THE European Commission has backed Spain on the extradition of Catalan exiles without considering whether they will receive a fair trial, in a decision that could have implications for former Catalan president Carles Puigdemont.
Following Belgium’s refusal to extradite former Catalan minister Lluis Puig in January 2021, Pablo Llarena, the Spanish judge handling the case against various leaders of Catalonia’s independence movement, has asked the European Court of Justice for clarification. on whether the decision to deny Puig’s surrender to Spanish authorities was legal.
On April 5, the European Commission sided with the arguments of the Spanish judiciary that extradition should be possible between EU member states, provided that there are no “systemic failures in the Spanish rule of law.
European Commission lawyer Julio Baquero said: “There is no systemic failure in the rule of law in Spain.
The exiled independence leaders’ legal teams nevertheless argued that there were “widespread” problems with Spain’s justice system, echoing Belgium’s initial argument that Puig could see his fundamental rights violated by an unfair trial. in Spain – an opinion based on reports of the UN Working Group. on arbitrary detention.
In addition to the defense teams of the Catalan exiles, the hearing was also attended by representatives of the Belgian judiciary, the Spanish Solicitor General and representatives of Poland and Romania, who presented opinions similar to that of Spain. concerning Belgium’s right to assess possible violations of fundamental human rights.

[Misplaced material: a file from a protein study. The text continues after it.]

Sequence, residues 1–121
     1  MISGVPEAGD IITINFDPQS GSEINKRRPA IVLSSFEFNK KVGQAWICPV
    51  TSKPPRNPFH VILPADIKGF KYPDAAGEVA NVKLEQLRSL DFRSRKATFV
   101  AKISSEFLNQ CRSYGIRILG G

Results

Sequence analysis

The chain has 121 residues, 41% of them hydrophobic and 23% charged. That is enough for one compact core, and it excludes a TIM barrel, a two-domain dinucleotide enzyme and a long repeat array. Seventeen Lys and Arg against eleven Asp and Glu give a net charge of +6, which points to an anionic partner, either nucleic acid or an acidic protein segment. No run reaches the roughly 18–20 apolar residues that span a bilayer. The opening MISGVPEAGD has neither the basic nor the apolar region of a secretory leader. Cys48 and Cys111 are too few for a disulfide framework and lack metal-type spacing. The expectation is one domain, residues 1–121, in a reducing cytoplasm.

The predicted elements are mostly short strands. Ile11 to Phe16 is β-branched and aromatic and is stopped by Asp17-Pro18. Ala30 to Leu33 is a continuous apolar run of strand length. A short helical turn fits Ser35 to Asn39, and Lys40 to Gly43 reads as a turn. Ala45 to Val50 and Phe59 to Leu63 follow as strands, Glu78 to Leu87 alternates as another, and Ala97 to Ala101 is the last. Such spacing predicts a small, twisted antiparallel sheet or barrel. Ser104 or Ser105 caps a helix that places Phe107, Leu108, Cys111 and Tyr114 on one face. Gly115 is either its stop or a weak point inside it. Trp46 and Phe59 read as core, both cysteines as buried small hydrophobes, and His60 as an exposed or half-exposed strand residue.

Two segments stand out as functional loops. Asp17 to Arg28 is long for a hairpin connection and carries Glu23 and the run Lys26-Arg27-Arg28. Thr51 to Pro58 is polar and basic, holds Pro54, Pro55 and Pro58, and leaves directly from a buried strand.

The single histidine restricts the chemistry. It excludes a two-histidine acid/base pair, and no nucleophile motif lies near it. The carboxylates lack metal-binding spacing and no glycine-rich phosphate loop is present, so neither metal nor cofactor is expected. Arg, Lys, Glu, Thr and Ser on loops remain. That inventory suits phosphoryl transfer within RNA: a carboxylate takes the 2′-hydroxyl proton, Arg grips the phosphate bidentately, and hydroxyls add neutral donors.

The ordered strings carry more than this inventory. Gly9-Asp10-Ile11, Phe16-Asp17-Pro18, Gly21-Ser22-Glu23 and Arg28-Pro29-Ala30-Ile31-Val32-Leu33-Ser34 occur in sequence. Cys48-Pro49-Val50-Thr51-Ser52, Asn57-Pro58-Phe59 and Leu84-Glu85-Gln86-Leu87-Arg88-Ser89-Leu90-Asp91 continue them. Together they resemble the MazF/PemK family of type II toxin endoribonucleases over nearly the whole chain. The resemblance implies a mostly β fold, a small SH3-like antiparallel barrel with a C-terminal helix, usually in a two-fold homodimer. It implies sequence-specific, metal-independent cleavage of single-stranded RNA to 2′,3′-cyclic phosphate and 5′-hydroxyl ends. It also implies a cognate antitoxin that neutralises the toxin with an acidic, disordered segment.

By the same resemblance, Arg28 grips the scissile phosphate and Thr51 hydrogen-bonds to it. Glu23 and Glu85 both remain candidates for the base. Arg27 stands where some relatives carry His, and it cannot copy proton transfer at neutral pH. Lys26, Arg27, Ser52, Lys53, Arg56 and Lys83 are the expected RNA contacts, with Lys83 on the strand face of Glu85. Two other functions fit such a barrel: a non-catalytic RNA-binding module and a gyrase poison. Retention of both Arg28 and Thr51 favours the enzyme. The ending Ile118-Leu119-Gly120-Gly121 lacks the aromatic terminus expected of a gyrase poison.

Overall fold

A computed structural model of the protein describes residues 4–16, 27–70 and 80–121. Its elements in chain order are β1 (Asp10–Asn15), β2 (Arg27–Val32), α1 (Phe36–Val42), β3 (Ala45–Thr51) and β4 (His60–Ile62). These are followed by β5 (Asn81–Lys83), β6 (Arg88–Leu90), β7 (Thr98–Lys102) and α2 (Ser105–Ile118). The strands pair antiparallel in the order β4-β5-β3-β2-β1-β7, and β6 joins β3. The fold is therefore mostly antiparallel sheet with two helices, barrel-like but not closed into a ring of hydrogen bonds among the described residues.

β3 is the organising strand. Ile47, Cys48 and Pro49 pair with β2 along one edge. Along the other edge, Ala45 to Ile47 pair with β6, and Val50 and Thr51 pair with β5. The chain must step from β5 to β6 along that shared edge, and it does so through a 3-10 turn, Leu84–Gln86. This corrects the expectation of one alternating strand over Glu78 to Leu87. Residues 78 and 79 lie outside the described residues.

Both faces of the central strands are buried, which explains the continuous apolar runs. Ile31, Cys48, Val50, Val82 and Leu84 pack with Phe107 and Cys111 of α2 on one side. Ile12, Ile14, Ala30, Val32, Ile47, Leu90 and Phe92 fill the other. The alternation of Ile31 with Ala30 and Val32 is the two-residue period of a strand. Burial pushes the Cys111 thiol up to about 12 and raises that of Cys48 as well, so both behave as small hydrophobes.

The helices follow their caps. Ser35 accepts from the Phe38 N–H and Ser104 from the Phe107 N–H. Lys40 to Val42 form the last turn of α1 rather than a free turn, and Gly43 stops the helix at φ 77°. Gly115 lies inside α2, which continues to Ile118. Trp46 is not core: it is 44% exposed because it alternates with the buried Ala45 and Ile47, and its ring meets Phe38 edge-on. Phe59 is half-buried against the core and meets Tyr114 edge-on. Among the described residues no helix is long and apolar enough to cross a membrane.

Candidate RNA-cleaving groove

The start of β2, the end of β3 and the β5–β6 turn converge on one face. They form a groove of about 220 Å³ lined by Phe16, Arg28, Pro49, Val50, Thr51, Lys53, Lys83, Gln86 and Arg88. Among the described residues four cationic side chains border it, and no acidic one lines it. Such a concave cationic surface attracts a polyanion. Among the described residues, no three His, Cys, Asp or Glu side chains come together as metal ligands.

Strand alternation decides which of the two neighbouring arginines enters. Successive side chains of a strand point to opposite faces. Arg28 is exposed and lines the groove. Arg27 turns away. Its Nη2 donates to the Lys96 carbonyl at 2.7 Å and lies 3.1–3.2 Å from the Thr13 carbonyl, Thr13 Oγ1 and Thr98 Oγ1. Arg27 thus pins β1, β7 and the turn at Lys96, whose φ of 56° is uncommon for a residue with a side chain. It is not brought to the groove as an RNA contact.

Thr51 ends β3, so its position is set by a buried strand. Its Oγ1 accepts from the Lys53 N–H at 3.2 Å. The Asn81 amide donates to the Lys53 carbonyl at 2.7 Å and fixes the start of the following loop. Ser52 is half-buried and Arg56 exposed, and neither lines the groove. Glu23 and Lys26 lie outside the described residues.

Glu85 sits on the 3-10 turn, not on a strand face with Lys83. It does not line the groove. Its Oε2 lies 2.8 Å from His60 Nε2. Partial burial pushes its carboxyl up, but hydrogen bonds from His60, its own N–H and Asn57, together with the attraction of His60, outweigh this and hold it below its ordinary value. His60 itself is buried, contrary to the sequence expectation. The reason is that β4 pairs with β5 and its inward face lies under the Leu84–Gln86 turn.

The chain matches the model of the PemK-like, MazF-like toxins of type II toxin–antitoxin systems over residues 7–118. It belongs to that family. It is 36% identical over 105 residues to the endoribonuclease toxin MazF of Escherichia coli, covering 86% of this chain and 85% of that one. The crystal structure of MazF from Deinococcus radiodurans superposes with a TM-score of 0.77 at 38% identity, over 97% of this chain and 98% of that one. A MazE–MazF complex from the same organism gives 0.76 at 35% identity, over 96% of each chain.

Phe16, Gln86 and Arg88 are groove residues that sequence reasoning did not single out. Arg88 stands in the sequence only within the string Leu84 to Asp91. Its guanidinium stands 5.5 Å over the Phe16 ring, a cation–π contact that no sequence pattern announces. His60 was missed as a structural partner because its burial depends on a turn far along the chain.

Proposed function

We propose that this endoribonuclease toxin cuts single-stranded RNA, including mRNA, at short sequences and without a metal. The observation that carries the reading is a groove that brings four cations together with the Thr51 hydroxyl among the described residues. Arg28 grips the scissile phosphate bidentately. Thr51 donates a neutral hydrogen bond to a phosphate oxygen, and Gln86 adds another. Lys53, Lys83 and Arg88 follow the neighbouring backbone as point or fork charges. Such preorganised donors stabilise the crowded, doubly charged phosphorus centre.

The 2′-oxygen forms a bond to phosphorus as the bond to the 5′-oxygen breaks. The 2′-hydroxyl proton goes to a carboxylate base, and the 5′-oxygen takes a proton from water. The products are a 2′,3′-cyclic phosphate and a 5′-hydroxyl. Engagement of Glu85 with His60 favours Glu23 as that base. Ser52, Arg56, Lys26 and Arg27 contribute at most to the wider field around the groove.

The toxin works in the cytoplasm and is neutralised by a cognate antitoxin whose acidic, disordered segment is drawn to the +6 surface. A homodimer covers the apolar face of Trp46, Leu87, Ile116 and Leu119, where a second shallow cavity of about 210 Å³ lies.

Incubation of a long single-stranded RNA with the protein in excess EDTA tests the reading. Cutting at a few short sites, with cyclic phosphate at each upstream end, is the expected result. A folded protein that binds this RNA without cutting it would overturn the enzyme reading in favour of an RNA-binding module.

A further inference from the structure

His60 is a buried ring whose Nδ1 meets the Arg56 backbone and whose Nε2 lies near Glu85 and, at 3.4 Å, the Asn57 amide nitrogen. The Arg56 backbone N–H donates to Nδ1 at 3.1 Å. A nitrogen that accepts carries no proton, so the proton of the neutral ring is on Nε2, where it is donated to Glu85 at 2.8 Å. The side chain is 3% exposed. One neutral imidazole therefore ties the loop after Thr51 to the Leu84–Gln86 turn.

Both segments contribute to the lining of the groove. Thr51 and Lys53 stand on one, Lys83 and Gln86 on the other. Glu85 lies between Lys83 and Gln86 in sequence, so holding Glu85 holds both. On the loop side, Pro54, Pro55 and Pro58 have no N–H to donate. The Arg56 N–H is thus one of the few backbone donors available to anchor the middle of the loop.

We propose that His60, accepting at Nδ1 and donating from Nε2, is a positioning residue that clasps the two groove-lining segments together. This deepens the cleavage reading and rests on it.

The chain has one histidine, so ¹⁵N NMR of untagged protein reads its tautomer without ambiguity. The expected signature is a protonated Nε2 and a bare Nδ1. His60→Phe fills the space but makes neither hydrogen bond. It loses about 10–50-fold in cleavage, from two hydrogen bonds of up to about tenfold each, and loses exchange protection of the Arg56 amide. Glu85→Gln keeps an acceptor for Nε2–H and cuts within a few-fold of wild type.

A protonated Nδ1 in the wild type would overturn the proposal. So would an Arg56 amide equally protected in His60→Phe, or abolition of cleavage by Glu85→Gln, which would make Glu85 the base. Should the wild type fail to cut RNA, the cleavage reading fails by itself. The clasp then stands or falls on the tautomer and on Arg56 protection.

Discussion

While Italy has initiated an open extradition procedure against Puigdemont since his one-day arrest on the island of Sardinia in September last year, the Italian judiciary has so far given no opinion on the question.
The European Commission’s decision could have implications for the future not only of Puigdemont, but also of five other pro-independence figures who have been in exile since the day after Catalonia’s independence referendum in 2017. This could still be affected. whether or not the European Court of Justice decides that three of the Catalan exiles enjoy immunity as MEPs.
The European magistrates will deliver their decision following a non-binding opinion from the Court’s Advocate General, Richard de la Tour, on July 14. However, the final decision on these extradition cases will always rest with the Belgian and Italian courts, regardless of the opinion of the European courts.